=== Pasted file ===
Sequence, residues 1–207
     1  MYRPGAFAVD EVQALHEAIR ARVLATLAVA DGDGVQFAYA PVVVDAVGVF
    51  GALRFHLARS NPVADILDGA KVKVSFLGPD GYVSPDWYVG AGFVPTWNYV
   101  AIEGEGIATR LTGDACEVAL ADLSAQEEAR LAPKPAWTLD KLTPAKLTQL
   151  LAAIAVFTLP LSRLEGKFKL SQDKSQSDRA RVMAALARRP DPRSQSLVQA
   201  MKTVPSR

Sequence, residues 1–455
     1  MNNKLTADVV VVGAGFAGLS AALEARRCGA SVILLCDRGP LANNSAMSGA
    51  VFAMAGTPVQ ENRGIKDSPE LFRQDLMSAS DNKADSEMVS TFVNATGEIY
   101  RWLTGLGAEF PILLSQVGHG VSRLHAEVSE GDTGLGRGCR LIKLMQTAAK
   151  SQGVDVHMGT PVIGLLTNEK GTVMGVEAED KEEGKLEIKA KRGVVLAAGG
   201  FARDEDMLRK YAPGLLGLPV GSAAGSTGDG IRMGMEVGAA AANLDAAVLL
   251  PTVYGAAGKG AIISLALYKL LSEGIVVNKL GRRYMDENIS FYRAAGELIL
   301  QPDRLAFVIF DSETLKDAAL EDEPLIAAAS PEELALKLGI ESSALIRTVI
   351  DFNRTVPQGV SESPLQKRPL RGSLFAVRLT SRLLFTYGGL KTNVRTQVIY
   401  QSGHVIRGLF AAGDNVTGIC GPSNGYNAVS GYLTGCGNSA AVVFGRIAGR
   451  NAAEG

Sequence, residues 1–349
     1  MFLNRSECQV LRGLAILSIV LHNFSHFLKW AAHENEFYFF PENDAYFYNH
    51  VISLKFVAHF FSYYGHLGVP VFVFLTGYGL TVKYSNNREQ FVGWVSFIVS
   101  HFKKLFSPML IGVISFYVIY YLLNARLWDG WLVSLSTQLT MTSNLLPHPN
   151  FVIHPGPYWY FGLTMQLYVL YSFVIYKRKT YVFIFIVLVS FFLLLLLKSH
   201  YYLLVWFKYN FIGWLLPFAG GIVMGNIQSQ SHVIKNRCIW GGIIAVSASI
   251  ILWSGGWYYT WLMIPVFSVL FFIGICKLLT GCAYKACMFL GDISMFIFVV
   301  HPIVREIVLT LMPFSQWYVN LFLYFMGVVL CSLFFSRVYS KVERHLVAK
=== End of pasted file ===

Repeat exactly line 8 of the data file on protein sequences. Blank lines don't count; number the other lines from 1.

     1  MNNKLTADVV VVGAGFAGLS AALEARRCGA SVILLCDRGP LANNSAMSGA